Sir JOHNFORREST.- I wrote to the honorable member for Southern Melbourne, pointing out the error which he had made in attributing to me the statement that " preference to unionism was the basic principle of my Bill " ; but, instead of replying that he had made an error, or had misunderstood my remarks, the answer which I received from him this morning states that he is surprised at my objection to his words,as he does not disclaim the report. The whole point of his remarks was that I had said that " preference to unionism was the basic principle of my Bill," and that notwithstanding what I had said, I had, in this Chamber, opposed preference to unionism, the inference being, to use his own words, that I have been " humbugging the people, and that my conduct is shameful." There is only one way in which the honorable member for Southern Melbourne can now act, and that is to express his regret at having altogether misrepresented me. When an honorable member misrepresents another, the only proper course for him to take is to say at once that he misunderstood him, or unknowingly and unintentionally misrepresented him. No one who has read the Hansard report of or listened to my remarks can doubt that I have been absolutely misrepresented by the honorable member. Such conduct is unworthy of a member of this House, and if the honorable member allows it to stand against him it will be simply scandalous.

Mr. SPEAKER.-The question raised by the right honorable member for Swan is not one of privilege, nor is any further step necessary in connexion with it. -The right honorable gentleman was perfectly entitled to make a personal explanation-

Sir JOHNFORREST.- That is what I intended to do. I should have said " personal explanation " instead of " point of privilege."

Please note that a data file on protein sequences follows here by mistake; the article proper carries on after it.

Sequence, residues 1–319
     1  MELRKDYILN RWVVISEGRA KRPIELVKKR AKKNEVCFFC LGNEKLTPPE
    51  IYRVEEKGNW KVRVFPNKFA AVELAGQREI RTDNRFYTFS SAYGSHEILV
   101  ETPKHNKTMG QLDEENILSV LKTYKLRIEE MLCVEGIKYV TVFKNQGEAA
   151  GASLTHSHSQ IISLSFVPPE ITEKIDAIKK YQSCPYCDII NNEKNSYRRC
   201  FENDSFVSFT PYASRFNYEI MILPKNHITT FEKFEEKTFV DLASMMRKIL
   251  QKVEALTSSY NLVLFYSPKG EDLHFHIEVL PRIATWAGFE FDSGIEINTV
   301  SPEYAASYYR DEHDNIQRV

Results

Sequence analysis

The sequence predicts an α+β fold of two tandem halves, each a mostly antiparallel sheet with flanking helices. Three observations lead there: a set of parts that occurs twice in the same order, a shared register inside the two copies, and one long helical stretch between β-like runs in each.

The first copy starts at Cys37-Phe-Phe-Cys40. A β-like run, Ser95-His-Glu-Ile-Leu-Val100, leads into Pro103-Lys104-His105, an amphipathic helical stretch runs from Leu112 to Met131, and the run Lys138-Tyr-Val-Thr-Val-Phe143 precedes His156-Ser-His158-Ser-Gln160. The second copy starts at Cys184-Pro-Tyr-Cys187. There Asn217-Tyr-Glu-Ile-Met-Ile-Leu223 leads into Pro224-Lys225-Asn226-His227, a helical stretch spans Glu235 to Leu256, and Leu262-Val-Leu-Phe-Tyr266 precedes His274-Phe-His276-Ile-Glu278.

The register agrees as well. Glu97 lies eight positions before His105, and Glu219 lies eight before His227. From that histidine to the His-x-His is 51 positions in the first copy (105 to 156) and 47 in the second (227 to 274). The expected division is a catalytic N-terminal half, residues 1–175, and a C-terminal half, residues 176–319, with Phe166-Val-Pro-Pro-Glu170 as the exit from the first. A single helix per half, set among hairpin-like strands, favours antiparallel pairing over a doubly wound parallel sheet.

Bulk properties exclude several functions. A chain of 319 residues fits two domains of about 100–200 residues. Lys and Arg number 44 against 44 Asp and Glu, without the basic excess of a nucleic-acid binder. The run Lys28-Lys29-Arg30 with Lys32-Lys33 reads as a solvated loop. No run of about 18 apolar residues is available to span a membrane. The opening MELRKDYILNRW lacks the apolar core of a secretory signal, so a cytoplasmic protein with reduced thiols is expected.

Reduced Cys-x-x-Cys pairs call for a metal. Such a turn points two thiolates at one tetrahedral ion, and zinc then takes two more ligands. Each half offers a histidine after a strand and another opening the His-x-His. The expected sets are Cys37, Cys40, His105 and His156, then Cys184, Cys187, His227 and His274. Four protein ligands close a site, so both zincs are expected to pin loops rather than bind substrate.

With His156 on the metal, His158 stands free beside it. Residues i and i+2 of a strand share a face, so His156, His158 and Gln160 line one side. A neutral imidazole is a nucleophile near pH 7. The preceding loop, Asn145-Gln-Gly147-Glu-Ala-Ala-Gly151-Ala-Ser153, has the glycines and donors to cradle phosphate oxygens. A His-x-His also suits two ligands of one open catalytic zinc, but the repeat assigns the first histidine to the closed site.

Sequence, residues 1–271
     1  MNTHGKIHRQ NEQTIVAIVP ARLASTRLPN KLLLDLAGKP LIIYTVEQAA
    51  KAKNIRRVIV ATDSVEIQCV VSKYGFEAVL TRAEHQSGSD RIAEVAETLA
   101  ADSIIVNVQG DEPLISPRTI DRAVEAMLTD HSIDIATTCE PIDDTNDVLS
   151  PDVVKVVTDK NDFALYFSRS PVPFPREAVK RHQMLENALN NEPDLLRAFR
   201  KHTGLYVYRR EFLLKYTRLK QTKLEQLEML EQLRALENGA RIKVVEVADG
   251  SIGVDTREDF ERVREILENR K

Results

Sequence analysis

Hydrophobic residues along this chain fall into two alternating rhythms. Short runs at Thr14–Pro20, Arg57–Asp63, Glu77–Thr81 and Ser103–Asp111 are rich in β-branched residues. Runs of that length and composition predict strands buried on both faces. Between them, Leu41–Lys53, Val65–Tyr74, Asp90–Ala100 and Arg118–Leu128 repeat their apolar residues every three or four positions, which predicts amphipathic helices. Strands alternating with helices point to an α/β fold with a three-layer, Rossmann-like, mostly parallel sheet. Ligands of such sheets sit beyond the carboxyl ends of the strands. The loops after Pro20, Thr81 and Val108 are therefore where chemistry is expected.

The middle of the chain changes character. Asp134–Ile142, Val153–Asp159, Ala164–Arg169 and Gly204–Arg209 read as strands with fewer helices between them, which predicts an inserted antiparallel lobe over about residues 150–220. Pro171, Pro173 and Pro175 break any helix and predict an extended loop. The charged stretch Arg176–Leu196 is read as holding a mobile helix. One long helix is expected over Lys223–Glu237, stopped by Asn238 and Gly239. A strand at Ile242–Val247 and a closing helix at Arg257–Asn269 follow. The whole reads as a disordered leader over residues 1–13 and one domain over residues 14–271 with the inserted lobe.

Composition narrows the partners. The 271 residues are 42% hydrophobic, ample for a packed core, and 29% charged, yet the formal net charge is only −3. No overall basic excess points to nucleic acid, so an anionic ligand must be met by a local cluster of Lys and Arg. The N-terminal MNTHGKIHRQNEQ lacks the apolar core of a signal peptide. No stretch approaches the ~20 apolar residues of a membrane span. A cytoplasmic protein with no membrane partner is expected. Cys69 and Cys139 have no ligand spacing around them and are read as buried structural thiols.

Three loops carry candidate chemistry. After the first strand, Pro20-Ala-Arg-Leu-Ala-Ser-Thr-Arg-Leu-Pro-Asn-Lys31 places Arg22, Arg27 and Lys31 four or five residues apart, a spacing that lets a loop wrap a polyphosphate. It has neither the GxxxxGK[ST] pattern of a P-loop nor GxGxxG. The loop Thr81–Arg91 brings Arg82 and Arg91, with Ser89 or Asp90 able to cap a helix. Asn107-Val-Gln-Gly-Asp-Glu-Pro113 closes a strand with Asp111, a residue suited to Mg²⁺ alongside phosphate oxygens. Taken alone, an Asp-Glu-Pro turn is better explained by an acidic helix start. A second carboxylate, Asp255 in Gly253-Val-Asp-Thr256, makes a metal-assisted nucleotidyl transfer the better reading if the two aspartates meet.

Mr. SPEAKER.- If the honorable member for Southern Melbourne desires to make a rejoinder he is at liberty to do so.

Mr. RONALD(Southern Melbourne).I received the right honorable member's communication, in the form of a note containing a quotation from a newspaper report, which, I may say, was not a verbatim report of what I said. It must have been known to the right honorable gentleman that the West Australian Bill was based upon the New Zealand Act, and that at the time the measure was passed, the Legislature had before it not only the New Zealand Act, which contained a provision for preference to unionists, but also the decisions of the Courts in support of such preference. Therefore, if the right honorable gentleman had desired to oppose the granting of preference, he should have indicated it upon the face of the Bill.

Sir JohnForrest. - I believed that all references to preference had been omitted from my Bill.

Mr. RONALD.- I have looked up the decisions of the Courts-

Mr. SPEAKER.-I would remind the honorable member that the one point for explanation, and the only one, is in regard to the complaint of the right honorable member for Swan that the honorable member stated that he said a certain thing which the right honorable gentleman denies having uttered. We are not concerned with what was included in the Bill, or what was accomplished by that measure. The sole question is whether the honorable member did, or did not, make the statement attributed to him, and I should be glad if the honorable member would confine himself to that.

Mr. RONALD.- It is my intention to reply to the right honorable gentleman in my speech upon the motion of want of confidence. I shall content myself at present by stating that the report that I said that the right honorable member for Swan made preference to unionists the basic principle of the Bill is not correct. What I said was that preference to unionists was the . basic principle of the Bill.

Sir JohnForrest. - If the honorable member had stated to the House at once that the newspaper report was incorrect the matter would have been ended.